Sandra Djwa's Bio on Poet P.K. Page on Short List for Charles Taylor Prize

By Ahearn, Victoria | The Canadian Press, January 9, 2013 | Go to article overview

Sandra Djwa's Bio on Poet P.K. Page on Short List for Charles Taylor Prize


Ahearn, Victoria, The Canadian Press


P.K. Page bio up for Charles Taylor Prize

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TORONTO - The late poet and artist P.K. Page didn't want anyone to write her biography. But she changed her mind in December 1996, when her author-friend Sandra Djwa agreed to tell the story.

"People generally don't really think about mortality until they get into their 80s, and P.K. was 80, she had just published her collected poems, she was gathering together her fiction," the Vancouver-based Djwa recalled in a telephone interview.

"I think she had thoughts of mortality and so she was more willing to entertain the thought of a biography, even though she is such a very private person."

It seems the decision was worth it.

On Wednesday, Djwa's book "Journey with No Maps: A Life of P.K. Page" (McGill-Queen's University Press) was heralded as a "compelling and necessary biography" as it made the short list for the $25,000 Charles Taylor Prize for Literary Non-Fiction.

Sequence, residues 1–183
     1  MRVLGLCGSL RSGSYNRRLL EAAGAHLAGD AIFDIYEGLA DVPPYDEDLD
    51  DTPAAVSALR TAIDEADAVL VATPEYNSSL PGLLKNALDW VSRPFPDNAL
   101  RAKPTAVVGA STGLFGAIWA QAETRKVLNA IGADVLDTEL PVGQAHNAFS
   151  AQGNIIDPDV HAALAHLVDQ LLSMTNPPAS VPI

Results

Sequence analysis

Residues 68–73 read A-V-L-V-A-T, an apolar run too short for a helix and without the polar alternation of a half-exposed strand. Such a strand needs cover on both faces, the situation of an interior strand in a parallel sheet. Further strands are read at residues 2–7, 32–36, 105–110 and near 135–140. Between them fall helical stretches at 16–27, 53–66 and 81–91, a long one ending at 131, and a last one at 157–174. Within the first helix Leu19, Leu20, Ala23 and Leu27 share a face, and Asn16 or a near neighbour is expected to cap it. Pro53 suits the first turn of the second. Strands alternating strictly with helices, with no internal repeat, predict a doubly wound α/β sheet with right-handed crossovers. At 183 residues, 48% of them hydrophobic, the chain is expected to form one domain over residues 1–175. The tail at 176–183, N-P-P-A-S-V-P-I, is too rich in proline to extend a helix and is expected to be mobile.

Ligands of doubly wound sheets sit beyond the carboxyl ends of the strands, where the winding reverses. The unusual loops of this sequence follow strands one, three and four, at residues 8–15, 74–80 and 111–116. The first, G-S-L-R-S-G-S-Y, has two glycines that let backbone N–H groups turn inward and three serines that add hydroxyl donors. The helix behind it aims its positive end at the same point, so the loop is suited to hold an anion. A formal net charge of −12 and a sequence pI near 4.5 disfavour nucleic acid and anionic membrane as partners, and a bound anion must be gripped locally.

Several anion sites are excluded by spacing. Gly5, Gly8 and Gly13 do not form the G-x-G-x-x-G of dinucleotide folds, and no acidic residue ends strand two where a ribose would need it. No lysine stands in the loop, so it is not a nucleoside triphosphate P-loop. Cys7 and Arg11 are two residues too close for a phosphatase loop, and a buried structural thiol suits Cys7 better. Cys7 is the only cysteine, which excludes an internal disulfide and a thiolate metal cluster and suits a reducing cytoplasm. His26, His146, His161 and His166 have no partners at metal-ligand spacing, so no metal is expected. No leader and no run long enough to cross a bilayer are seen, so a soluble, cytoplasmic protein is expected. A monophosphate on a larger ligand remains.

The other four finalists include "Warlords: Borden, Mackenzie King, and Canada's World Wars" (Allen Lane) by Ottawa historian Tim Cook, who won the Charles Taylor prize in 2009 for "Shock Troops."

Also on this year's short list is Saskatchewan-born Ross King for "Leonardo and The Last Supper" (Bond Street Books), which won a Governor General's Literary Award in November.

Ontario native Andrew Preston is a contender for "Sword of the Spirit, Shield of Faith: Religion in American War and Diplomacy" (Knopf Canada).

And Carol Bishop-Gwyn of Toronto is a finalist for "The Pursuit of Perfection: A Life of Celia Franca" (Cormorant Books), about the late founder of the National Ballet of Canada.

Djwa's book -- the first full-length biography of Page -- is the result of a friendship that began in April 1970. That's when Page (her first initials stand for Patricia Kathleen) gave her first public poetry reading ever to Djwa's poetry class at Simon Fraser University, where Djwa is professor emeritus of English.

Over the ensuing years, they visited each other in their respective cities (Djwa in Vancouver, Page in Victoria).

"She was a real pioneer, one of our first true moderns and such a fine poet," Djwa, 73, said Wednesday from a hotel room just before doing a guest lecture at the University of Victoria.

Born in 1916 in England, Page and her family moved to Canada three years later and she eventually taught herself poetry before writing plays and other literature, and creating visual art. As Djwa puts it, Page "spent all of her life wanting to know more."

"I think the greatest impact of writing the biography was simply I began to recognize just how difficult it was even for an extraordinarily talented young woman to find her way in the world of letters," said Djwa. …

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